In today’s Gospel we begin the Discourse on the Bread of Life (Jn 6, 22-71). After the multiplication of the loaves, the people follow Jesus. They had seen the miracle; they had eaten and were satiated and wanted more! They were not concerned about looking for the sign or the call of God that was contained in all of this. When the people found Jesus in the Synagogue of Capernaum, he had a long conversation with them, called the Discourse of the Bread of Life. It is not really a Discourse, but it treats of a series of seven brief dialogues which explain the meaning of the multiplication of the bread, symbol of the new Exodus and of the Eucharistic Supper.

The conversation of Jesus with the people, with the Jews and with the disciples is a beautiful dialogue, but a demanding one. Jesus tries to open the eyes of the people in a way that they will learn to read the events and discover in them the turning point that life should take. Because it is not enough to follow behind miraculous signs which multiply the bread for the body. Man does not live by bread alone. The struggle for life without mysticism does not reach the roots. The people, while speaking with Jesus, always remain more annoyed or upset by his words. But Jesus does not give in, neither does he change the exigencies. The discourse seems to be a funnel. In the measure in which the conversation advances, less people remain with Jesus. At the end only the twelve remain there, but Jesus cannot trust them either! Today the same thing happens. When the Gospel beings to demand commitment, many people withdraw, go away.


b) Commentary on the text


John 6, 24-27: People look for Jesus because they want more bread. The people follow Jesus. They see that he did not go into the boat with the disciples and, because of this, they do not understand what he had done to reach Capernaum. They did not even understand the miracle of the multiplication of the loaves. People see what has happened, but they cannot understand all this as a sign of something more profound. They stop only on the surface; in being satisfied with the food. They look for bread and life, but only for the body. According to the people, Jesus does what Moses had done in the past: to feed all the people in the desert. According to Jesus, they wanted the past to be repeated. But Jesus asks the people to take a step more and advance. Besides working for the bread that perishes, they should work for the imperishable food. This new food will be given by the Son of Man, indicated by God himself. He brings life which lasts forever. He opens for us a new horizon on the sense of life and on God.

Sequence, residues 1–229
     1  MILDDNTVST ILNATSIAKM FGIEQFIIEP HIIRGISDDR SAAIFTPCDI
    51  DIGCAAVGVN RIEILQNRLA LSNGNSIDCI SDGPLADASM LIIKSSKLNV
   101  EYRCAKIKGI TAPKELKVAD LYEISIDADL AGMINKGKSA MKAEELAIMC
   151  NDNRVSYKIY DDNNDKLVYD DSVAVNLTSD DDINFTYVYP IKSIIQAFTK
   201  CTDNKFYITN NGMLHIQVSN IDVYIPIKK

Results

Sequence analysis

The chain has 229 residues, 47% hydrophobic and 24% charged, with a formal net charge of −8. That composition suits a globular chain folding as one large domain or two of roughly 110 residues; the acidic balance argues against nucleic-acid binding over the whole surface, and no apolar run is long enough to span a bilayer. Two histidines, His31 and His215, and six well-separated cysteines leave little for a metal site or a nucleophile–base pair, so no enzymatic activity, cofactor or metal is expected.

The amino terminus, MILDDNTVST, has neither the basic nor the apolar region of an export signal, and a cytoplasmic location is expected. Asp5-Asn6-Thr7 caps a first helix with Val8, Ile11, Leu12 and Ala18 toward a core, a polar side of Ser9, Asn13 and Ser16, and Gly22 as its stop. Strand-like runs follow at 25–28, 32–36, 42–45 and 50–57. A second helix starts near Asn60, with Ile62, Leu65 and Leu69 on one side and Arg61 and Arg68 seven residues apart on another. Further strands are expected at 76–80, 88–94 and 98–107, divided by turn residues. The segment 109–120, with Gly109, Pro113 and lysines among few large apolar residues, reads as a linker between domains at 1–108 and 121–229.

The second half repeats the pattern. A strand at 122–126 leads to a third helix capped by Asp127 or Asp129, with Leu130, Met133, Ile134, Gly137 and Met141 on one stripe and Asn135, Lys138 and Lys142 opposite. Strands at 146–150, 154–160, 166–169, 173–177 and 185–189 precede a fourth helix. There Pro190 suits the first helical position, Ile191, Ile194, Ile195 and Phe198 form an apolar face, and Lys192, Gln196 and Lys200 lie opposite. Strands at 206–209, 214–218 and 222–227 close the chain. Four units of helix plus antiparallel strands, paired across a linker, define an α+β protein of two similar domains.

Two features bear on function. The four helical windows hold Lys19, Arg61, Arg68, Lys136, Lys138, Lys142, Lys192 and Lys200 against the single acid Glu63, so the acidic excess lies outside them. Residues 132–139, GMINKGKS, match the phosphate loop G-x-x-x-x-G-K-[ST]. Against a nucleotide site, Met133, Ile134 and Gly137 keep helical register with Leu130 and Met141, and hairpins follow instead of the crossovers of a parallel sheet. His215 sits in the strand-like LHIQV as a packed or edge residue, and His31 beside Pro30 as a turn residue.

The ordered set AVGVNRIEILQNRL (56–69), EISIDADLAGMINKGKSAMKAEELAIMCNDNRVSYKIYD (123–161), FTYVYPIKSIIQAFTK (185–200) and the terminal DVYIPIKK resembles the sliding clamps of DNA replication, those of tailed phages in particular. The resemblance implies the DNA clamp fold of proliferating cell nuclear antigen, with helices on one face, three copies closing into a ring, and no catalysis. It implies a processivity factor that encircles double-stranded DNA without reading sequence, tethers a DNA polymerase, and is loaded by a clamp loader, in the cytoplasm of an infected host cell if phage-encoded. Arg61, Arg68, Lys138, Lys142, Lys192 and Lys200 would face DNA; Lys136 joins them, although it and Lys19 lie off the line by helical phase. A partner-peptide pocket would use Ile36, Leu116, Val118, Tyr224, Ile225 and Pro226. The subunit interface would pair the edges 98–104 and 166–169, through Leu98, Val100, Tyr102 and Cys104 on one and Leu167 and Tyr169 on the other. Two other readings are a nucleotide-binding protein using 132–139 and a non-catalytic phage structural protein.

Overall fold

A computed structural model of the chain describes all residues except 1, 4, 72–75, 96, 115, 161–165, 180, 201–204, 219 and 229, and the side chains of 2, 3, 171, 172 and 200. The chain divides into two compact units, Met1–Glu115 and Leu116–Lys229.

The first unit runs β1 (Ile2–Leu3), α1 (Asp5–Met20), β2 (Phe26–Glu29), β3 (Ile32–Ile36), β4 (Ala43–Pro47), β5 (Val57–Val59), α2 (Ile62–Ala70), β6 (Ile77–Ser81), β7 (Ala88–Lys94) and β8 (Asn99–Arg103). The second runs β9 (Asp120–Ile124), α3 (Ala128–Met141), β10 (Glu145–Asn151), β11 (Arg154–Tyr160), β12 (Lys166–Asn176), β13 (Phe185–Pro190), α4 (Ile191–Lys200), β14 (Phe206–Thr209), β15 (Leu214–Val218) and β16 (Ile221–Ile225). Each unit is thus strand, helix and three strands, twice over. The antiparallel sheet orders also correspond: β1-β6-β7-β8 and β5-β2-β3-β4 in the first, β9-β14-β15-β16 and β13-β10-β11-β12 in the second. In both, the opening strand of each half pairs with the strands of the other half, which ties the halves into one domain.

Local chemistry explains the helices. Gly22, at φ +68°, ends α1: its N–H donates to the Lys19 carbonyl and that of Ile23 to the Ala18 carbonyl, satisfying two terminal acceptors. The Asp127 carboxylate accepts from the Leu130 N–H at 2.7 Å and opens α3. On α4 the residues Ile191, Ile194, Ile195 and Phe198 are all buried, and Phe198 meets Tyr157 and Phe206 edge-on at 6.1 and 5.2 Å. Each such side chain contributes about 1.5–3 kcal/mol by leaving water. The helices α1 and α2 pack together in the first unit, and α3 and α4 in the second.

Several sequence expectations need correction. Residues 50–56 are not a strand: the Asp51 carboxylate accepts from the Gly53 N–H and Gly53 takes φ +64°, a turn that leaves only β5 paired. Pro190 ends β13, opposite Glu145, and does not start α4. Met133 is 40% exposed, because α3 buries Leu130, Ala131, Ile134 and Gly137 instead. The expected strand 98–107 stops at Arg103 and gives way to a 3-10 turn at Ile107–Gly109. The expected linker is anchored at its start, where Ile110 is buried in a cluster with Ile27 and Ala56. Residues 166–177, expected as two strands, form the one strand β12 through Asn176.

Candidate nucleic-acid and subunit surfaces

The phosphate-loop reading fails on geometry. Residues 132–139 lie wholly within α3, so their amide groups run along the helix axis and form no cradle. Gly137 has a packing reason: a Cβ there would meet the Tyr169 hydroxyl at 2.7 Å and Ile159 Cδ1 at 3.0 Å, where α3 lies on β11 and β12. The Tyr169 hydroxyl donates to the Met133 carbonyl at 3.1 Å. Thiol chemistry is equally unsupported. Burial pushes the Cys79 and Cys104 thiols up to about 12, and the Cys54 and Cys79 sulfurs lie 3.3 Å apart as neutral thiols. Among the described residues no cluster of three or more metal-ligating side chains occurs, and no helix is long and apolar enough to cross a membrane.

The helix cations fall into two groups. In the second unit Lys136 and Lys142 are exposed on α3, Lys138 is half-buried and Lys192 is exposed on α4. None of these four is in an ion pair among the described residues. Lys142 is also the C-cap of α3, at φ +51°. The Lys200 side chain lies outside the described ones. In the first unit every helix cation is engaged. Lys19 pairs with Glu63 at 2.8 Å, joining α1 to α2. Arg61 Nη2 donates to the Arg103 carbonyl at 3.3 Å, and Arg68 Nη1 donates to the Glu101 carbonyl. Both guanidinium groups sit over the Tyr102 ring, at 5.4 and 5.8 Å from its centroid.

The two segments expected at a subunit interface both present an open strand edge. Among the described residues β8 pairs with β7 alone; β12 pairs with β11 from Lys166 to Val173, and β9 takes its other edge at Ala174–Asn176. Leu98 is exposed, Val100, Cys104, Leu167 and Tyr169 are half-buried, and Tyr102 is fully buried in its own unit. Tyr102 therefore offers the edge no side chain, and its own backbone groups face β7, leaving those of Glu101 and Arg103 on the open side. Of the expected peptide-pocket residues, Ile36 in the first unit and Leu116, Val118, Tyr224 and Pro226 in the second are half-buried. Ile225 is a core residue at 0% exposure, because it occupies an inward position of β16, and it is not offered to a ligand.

John 6, 28-29: “Which is God’s work?” The people ask: what should we do to carry out this work of God? Jesus answers that the great work of God asks us to “believe in the one sent by God”. That is, to believe in Jesus!


John 6, 30-33: “What sign will you yourself do, the sign which will make us believe in you?” People had asked: What should we do to carry out the work of God? Jesus responds: “The work of God is to believe in the one who has sent”, that is to believe in Jesus. This is why people formulate the new question: “Which sign do you do so that we can see and can believe? Which work do you do?” This means that they did not understand the multiplication of the loaves as a sign from God to legitimize Jesus before the people, as the one sent by God! They continue to argue: In the past our fathers ate the manna which Moses gave them! They called it “bread from Heaven” (Ws 16,20), that is, “bread of God”. Moses continues to be the great leader in whom to believe. If Jesus wants the people to believe in him, he should work a greater sign than Moses. “What work do you do?”

Jesus responds that the bread given by Moses was not the true bread from heaven. Coming from on high, yes, but it was not the bread of God, because it did not guarantee life to anyone. All of them died in the desert (Jn 6, 49). The true bread of heaven, the bread of God, is the one which conquers death and gives life! It is the one which descends from Heaven and gives life to the world. It is Jesus himself! Jesus tries to help the people to liberate themselves from the way of thinking of the past. For him, fidelity to the past does not mean to close up oneself in the ancient things and not accept renewal. Fidelity to the past means to accept the novelty which comes as the fruit of the seed which was planted in the past.


John 6, 34-35: “Lord, gives us always of that bread!” Jesus answers clearly: “I am the bread of life!” To eat the bread of heaven is the same as to believe in Jesus and accept to follow the road that he teaches us, that is: “My food is to do the will of the one who has sent me and to complete his work!” (Jn 4, 34). This is the true food which nourishes the person, which transforms life and gives new life. 
6. Prayer of Psalm 111

Alleluia! I give thanks to Yahweh with all my heart, 
in the meeting-place of honest people, in the assembly.
Great are the deeds of Yahweh, 
to be pondered by all who delight in them.


Full of splendour and majesty his work, 
his saving justice stands firm for ever.
He gives us a memorial of his great deeds; 
Yahweh is mercy and tenderness.